10 Figure 9. Relative contribution of area (%), SOC stock (%) and SOC density (Mg/ha) 33 under major land-use systems of the six NE states of India. as high as 47 Mg/ha in grassland 34. Plantation and horticulture, shifting cultivation and agriculture-based land-use systems had comparable SOC density ( Mg/ha) 34 (Table 5 and Figure 9). Average SOC density for the estimated area (excluding built-up, waterbodies and snowcovered areas in Sikkim) was higher in Sikkim and Tripura (35.8 Mg/ha) compared to the other four states ( Mg/ha; Figure 8). Conclusion Irrespective of land-use system practices across the six states of NER, SOC content and SOC density of the soils were high (>1%) in 98.54% GA of m ha compared to other parts of the country 8,37,38. A total of Tg SOC stocks was registered for an area of m ha surface soils representing major land-use practices, with a large share (>50%) coming from forest soils. Complex interaction among several factors ranging from variation in soil texture, climatic variables mainly rainfall and temperature, topography, and land-use practices might have influenced the significant variation in SOC inventories across NER. Sikkim located at higher altitude and latitude receives relatively higher rainfall and experiences lower temperature. It has significant proportion of area (>43%) under forests and grassland which might have favoured considerably higher SOC density compared to the other NE states of India. In the case of Assam and Tripura, the SOC content was low primarily due to their geographic location at lower latitude and altitude, and larger part of their GA is being intensively cultivated for crop production. Therefore, the current information on the spatial distribution of carbon stock would be useful to devise appropriate land use and conservation planning to ensure proper source sink balance of carbon inventories in the long run. 1. vanderwerf, G. R. et al., CO 2 emissions from forest loss. Nature Geosci., 2009, 2, West, P. C., Gibbs, H. K., Chad, M., Wagner, J., Barford, C. C., Carpenter, S. R. and Foley, J. A., Trading carbon for food: global comparison of carbon stocks vs crop yields on agricultural land. Proc. Natl. Acad. Sci. USA, 2010, 107, Saha, D., Kukal, S. S. and Bawa, S. S., Soil organic carbon stock and fractions in relation to landuse and soil depth in degraded Shiwalik of lower Himalayas. Land Degrad. Dev., 2012, DOI: /ldr Katyal, V., Gangwar, K. S. and Gangwar, B., Conservation of organic carbon in relation to crop productivity, yield stability and soil fertility under rice (Oryza sativa) wheat (Triticum aestivum) cropping system. Indian J. Agron., 2001, 46, Batjes, N. H., Mitigation of atmospheric CO 2 concentrations by increased carbon sequestration in the soil. Biol. Fertil. Soils, 1998, 27, Guo, L. B. and Gifford, R. M., Soil carbon stocks and land use change: a Meta analysis. Global Change Biol., 2002, 8, Lal, R., Soil carbon sequestration impacts on global climate change and food security. Science, 2004, 304, Bhattacharyya, T., Ray, S. K., Pal, D. K., Chandran, P., Mandal, C. and Wani, S. P., Soil carbon stocks in India: issues and priorities. J. Indian Soc. Soil Sci., 2009, 57, Lal, R., Kimble, J. M., Follet, R. F. and Cole, C. V., The potential of US cropped to sequester carbon and mitigate the greenhouse effect. Sleeping Bear Press Inc, USA, Chatterjee, S., Saikia, A., Dutta, P., Ghosh, D. and Worah, S. Review of biodiversity in Northeast India. Background Paper No. 13, WWF-India, Delhi, Sharma, P. K., Baruah, T. C., Maji, A. K. and Patiram, Management of acid soils in NEH region. Tech. Bull., Natural Resource Management Division (ICAR), New Delhi, 2006, p Das, A. et al., Managing degraded land and soil organic carbon for climate resilient agriculture in North East India. In Soil Carbon Sequestration for Climate Change Mitigation and Food Security, Central Research Institute for Dry land Agriculture, Hyderabad, 2011, pp Post, W. M. and Kwon, K. C., Soil carbon sequestration and landuse change: processes and potential. Global Change Biol., 2000, 6, Mishra, V. K., Saha, R. and Singh, R. K., Physical characterization of soils under different land use systems using non-limiting 613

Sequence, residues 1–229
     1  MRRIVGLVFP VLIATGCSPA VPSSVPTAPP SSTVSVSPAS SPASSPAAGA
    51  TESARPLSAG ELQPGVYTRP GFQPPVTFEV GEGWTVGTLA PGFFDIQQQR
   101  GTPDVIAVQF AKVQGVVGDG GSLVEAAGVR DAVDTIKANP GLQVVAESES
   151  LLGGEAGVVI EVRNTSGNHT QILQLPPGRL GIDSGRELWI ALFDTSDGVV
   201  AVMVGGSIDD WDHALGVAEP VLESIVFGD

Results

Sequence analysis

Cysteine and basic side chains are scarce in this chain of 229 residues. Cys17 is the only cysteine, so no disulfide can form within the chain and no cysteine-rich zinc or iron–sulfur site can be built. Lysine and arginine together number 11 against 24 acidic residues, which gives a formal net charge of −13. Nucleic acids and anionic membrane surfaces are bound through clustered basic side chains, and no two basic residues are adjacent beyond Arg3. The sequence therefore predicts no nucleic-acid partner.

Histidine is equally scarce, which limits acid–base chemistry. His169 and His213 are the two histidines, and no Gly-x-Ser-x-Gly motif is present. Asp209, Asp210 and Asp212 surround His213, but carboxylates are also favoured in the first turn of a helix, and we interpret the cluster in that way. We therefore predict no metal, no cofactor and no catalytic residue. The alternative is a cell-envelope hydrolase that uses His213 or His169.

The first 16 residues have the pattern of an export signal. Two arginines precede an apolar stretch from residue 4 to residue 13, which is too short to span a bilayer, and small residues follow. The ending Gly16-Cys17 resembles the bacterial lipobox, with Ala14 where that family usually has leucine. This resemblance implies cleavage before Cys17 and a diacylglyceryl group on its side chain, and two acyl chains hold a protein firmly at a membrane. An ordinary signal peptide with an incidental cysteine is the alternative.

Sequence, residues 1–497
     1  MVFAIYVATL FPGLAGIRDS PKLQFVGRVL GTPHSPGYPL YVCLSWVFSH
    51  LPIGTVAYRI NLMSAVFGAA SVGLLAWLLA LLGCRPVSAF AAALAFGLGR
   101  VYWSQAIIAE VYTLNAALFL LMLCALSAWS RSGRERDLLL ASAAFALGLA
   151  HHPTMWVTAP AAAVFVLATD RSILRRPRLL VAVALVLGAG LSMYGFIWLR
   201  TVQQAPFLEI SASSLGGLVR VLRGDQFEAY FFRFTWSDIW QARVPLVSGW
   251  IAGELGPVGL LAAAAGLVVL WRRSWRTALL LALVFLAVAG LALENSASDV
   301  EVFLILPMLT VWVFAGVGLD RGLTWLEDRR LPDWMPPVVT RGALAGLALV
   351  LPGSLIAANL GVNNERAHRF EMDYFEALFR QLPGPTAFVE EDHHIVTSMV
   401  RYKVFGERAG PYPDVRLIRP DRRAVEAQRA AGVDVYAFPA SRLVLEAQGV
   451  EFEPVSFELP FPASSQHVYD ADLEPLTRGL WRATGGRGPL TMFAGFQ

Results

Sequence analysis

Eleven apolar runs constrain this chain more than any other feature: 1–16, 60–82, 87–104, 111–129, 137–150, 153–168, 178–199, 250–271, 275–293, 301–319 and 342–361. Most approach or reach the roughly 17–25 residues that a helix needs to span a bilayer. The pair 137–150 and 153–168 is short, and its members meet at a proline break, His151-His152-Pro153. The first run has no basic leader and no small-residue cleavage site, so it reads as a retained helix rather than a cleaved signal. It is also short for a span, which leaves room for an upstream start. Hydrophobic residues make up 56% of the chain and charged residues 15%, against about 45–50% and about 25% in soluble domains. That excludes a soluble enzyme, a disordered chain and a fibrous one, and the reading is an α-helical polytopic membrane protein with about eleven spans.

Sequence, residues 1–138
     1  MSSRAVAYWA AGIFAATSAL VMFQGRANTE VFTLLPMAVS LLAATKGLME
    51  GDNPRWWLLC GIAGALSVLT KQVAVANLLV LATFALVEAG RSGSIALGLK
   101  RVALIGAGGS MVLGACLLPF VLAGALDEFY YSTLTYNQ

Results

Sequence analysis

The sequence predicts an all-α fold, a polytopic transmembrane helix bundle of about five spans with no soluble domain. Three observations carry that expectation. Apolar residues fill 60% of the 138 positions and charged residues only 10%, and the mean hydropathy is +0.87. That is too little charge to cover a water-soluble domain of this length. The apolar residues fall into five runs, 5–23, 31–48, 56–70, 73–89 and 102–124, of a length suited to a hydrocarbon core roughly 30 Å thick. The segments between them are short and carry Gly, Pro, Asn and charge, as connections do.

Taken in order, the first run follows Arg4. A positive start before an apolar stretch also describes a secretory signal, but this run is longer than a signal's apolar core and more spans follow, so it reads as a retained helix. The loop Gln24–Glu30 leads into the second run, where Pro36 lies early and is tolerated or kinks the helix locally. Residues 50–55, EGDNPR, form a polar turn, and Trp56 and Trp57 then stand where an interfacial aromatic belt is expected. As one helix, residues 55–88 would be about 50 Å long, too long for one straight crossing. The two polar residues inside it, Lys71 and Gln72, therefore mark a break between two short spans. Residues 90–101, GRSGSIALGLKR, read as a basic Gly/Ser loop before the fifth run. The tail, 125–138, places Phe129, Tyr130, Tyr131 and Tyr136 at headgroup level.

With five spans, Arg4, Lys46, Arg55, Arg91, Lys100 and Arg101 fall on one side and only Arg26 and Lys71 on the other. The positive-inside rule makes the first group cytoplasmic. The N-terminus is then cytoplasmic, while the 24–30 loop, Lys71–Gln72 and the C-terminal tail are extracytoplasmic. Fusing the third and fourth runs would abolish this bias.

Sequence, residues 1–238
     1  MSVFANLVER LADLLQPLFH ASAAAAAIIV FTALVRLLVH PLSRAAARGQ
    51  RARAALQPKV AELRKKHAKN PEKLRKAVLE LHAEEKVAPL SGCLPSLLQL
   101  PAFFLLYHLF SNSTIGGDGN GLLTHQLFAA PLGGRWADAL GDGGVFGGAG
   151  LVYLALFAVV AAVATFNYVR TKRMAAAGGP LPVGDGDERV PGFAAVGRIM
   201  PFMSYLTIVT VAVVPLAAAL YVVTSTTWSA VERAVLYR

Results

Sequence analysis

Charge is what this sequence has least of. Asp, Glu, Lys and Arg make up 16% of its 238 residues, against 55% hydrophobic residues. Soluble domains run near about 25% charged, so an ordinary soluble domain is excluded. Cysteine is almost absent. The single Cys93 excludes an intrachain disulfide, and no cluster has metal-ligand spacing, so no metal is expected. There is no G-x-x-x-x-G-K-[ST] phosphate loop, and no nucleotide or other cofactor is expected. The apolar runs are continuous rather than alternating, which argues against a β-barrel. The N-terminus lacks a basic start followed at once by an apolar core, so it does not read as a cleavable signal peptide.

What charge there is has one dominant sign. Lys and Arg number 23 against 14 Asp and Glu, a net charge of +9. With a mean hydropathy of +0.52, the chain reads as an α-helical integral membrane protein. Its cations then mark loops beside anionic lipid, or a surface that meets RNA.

11 water range as a soil physical index. J. Indian Soc. Soil Sci., 2006, 54, Saha, R. and Mishra, V. K., Long-term effect of various land use systems on physical properties of silt clay loam soil of North East hills. J. Indian Soc. Soil Sci., 2007, 55, Census of India, Registrar General and Census Commissioner of India, New Delhi, 2011; html. 17. India State of Forest Report, Forest Survey of India, Ministry of Environment and Forests, Government of India, 2011, pp ; 18. Wasteland Atlas of India, 2011; atlas.htm 19. Land-use land-cover atlas of India (based on multi-temporal satellite data of ), National Remote Sensing Centre, Hyderabad, Bhattacharya, T., Sarkar, D., Dubey, P. N., Ray, S. K., Gangopadhyay, S. K., Barua, U. and Sehgal, J., Soil Series of Tripura. NBSS & LUP Publication No. 111, NBSS & LUP, Nagpur, 2004, pp Das, T. H., Sarkar, D. and Gajbhiye, K. S., Soil Series of Sikkim, NBSS & LUP Publication No.105, NBSS & LUP, Nagpur, 2003, pp Maji, A. K., Barua, U., Dubey, P. N., Verma, T. P., Butte, P. S., Kika, S. and Angami, V., Soil Series of Nagaland, NBSS & LUP Publication 109, NBSS & LUP, Nagpur, 2004, pp Sen, T. K., Barua, U., Sarkar, D., Maji, A. K. and Patel, V. P., Soil Series of Manipur, NBSS & LUP Publication 134, NBSS & LUP, Nagpur, 2004, pp Vadivelu, S., Sen, T. K., Bhaskar, B. P., Barua, U., Sarkar, D., Maji, A. K. and Gajbhiye, K. S., Soil Series of Assam, NBSS & LUP Publication 101, NBSS & LUP, Nagpur, 2004, pp Arunachalam, K., Arunachalam, A. and Melkania, N. P., Influence of soil properties on microbial populations, activity and biomass in humid subtropical mountainous ecosystems of India. Biol. Fertil. Soils, 1999, 30, Walkley, A. J. and Black, I. A., Estimation of soil organic carbon by chromic acid titration method. Soil Sci., 1934, 37, Patiram, Management and future research strategies for enhancing productivity of crops on the acid soils. J. Indian Soc. Soil Sci., 2007, 55, Bouyoucos, G. J., Hydrometer method improved for making particles size analysis of soils. Agron. J., 1962, 54, Kaur, R., Kumar, S. and Gurung, H., A pedo-transfer function (PTF) for estimating soil bulk density from basic soil data and its comparison with existing PTFs. Aust. J. Soil Res., 2002, 40, Alexander, E. B., Bulk density of California soils in relation to other soil properties. Soil Sci. Soc. Am. J., 1980, 44, Huntington, T. G., Johnson, C. E., Johnson, A. H., Siccama, T. G. and Ryan, D. F., Carbon, organic matter and bulk density relationship in a forested spodosol. Soil Sci., 1989, 148, Tomasella, J. and Hodnett, M. G., Estimating soil water retention characteristics from limited data in Brazilian. Soil Sci., 1998, 163, Bernoux, M., Arrouys, D., Cerri, C., Volkoff, B. and Jolivet, C., Bulk densities of Brazilian Amazon soils related to other soil properties. Soil Sci. Soc. Am. J., 1998, 162, Choudhury, B. U., Das, P. T. and Das, A., Land use systems and soil carbon stocks status in Northeastern region of India. In Soil Carbon Sequestration for Climate Change Mitigation and Food Security, Central Research Institute for Dry Land Agriculture, Hyderabad, 2011, pp Lal, R. and Shukla, M. K., Principles of Soil Physics, Marcel Dekker, Inc, New York, Basel, 2004, pp Chhabra, A., Patria, S. and Dadhwal, V. K., Soil organic carbon pool in Indian forests. For. Ecol. Manage., 2003, 173, Singh, H., Pathak, P., Kumar, M. and Raghubanshi, Carbon sequestration potential of Indo-Gangetic agro ecosystem soils. Trop. Ecol., 2011, 52, ACKNOWLEDGEMENT. We thank Dr Tapas Bhattacharya, Head and Principal Scientist, NBSS and LUP, Nagpur for providing valuable information while preparing the manuscript. Received 7 June 2012; revised accepted 10 January